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Commentary

Cuomo Adviser Joins 8 Others in Withdrawal from Scandal-Ridden Gov. Office

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Will the last top aide out of New York Gov. Andrew Cuomo’s office please turn off the lights? And for heaven’s sake, when you do, make sure there are no women in there with him.

On Friday, according to NY1, Cuomo communications director Peter Ajemian became the ninth top aide to leave the embattled governor’s office in recent months, saying he wanted to “pursue opportunities in the private sector.”

He’ll be replaced by Rich Azzopardi, previously a senior adviser to the governor.

“After nearly four years, and with this year’s budget done and vaccine eligibility open to everyone, I decided now is the time to pursue opportunities in the private sector,” Ajemian said in a statement.

“I’m grateful to the governor for giving me the chance to serve. It’s been the honor of a lifetime to be part of a team working for New Yorkers in a period of unprecedented crisis and seeing the government work for the people and people work for each other.”

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His replacement was just as gracious — if that’s the word.

“Peter has spent nearly four years in the administration taking on the hard challenges during even harder circumstances,” Azzopardi said in his statement. “There’s nobody I’d rather be in the trenches with and know he’ll always be a part of Team Cuomo.”

At least Ajemian didn’t use the tired old dog of a line that he wanted to spend time with his family, but there are several reasons why it doesn’t necessarily sound like this is someone wrapping up a stint in government work to quietly move into another line.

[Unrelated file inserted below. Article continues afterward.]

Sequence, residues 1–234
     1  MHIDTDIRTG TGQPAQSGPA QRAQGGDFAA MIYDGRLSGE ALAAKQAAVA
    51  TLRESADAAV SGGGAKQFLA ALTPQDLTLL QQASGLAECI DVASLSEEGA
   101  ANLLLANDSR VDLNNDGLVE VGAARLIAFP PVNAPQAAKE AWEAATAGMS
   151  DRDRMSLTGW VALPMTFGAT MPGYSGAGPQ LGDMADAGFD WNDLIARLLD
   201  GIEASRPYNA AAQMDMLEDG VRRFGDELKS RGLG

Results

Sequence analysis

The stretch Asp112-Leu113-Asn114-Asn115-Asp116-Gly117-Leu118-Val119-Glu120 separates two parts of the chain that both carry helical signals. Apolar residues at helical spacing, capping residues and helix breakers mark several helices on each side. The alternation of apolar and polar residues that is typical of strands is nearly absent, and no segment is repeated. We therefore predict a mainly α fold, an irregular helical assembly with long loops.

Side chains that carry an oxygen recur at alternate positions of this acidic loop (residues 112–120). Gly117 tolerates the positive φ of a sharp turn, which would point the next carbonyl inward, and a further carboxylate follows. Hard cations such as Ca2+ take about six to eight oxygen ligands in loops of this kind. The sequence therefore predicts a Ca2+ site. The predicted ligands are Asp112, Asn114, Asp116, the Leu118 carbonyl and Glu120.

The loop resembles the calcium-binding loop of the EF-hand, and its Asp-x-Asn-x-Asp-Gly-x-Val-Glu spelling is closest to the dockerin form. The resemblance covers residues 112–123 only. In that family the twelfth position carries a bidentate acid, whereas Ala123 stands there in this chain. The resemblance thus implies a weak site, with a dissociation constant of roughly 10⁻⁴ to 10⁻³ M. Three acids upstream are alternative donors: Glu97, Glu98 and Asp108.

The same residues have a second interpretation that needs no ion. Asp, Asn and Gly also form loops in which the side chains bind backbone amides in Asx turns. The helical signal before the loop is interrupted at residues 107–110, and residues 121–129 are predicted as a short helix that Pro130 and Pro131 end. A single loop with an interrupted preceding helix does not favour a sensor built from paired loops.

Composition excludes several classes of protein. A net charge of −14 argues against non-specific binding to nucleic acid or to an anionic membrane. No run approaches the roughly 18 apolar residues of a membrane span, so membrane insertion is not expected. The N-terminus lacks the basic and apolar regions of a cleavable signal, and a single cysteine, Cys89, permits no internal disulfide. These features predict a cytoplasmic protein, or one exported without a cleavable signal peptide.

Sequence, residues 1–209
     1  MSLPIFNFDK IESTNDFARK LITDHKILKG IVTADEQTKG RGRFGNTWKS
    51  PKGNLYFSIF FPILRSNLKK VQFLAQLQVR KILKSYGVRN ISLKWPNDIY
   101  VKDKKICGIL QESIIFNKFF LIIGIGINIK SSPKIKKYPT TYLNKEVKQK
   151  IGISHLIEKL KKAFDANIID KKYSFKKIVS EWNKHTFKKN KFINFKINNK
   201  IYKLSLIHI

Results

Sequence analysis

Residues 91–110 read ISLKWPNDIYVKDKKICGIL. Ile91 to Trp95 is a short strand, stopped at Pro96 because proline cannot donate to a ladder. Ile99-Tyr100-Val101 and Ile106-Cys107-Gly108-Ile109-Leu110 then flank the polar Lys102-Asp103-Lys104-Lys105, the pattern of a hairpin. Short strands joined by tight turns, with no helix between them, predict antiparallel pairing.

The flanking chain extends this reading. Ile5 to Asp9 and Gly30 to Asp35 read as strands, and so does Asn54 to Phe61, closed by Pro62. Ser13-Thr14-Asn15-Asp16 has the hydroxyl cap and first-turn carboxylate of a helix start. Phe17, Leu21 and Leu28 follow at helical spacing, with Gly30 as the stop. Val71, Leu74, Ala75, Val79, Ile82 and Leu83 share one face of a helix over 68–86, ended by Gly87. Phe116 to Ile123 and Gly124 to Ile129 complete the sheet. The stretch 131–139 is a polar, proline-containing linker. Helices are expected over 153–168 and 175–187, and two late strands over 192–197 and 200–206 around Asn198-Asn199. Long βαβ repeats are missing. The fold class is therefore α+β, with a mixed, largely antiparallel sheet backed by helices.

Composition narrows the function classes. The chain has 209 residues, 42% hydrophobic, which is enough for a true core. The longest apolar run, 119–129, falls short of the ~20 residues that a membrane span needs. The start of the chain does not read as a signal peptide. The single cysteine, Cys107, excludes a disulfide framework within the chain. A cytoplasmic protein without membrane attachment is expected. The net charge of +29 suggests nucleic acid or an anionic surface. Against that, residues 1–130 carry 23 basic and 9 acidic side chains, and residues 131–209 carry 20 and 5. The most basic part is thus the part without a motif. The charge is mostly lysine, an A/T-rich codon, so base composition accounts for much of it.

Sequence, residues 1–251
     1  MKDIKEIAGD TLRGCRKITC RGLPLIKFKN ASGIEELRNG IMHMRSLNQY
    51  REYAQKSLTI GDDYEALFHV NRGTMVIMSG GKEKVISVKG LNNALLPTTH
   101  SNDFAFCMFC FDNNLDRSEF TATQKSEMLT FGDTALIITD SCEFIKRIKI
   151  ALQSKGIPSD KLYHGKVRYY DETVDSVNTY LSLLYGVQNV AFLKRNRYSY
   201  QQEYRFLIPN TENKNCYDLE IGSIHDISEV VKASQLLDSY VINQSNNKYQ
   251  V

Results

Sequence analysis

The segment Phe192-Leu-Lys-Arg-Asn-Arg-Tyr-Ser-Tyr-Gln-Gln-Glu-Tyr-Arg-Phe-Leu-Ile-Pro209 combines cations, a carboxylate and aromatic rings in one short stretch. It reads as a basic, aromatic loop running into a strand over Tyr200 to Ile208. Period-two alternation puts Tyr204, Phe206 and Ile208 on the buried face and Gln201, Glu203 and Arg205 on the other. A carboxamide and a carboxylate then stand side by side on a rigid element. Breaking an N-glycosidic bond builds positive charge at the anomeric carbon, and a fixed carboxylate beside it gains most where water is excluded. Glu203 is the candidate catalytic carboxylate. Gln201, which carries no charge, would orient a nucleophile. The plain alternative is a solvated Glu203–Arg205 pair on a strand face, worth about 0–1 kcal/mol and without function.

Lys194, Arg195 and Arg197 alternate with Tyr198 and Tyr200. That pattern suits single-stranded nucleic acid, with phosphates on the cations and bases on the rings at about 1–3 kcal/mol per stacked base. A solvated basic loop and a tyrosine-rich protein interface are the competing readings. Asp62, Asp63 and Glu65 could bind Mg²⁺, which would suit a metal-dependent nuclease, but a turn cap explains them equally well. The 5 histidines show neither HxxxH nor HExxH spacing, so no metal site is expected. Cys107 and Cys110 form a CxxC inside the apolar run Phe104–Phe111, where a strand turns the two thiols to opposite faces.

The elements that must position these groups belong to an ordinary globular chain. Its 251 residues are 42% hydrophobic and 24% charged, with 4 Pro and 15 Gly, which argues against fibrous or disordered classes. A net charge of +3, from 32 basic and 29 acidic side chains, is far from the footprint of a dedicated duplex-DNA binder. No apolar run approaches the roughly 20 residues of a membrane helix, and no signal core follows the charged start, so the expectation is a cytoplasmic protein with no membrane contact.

For starters, there’s the lack of an announcement from the eponymous head coach of Team Cuomo himself, just Azzopardi assuring everyone that Ajemian remains a team player. (Really! We swear!)

Also, when one is transitioning from a high-profile position in politics into “pursu[ing] opportunities in the private sector,” one usually announces it before, say, the day that transition takes effect:

According to his LinkedIn profile, Ajemian has been climbing the political ladder since 2014, which was the last time he listed himself as having a private-sector job. That job, mind you, came after Ajemian spent another year as a research and communications associate on Cuomo’s 2010 gubernatorial campaign. He’s been around the block, Cuomo-wise.

It’s also curious that Ajemian’s departure comes as Cuomo’s administration is in the midst of a departure of top talent that’s starting to make the last days of the Nixon administration like a model of low personnel turnover.

“At least nine former aides have left the administration over the past few months,” NY1 reported. “This includes Gareth Rhodes, who was part of Cuomo’s COVID-19 task force, Caitlin Girouard, Cuomo’s press secretary and most recently, Jack Sterne, a Cuomo spokesman.”

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The New York Post noted that Sterne, another aide who jumped to the private sector, submitted his resignation after the Albany Times Union reported in March that the governor had “groped” a female aide. His resignation didn’t take effect until mid-April, however.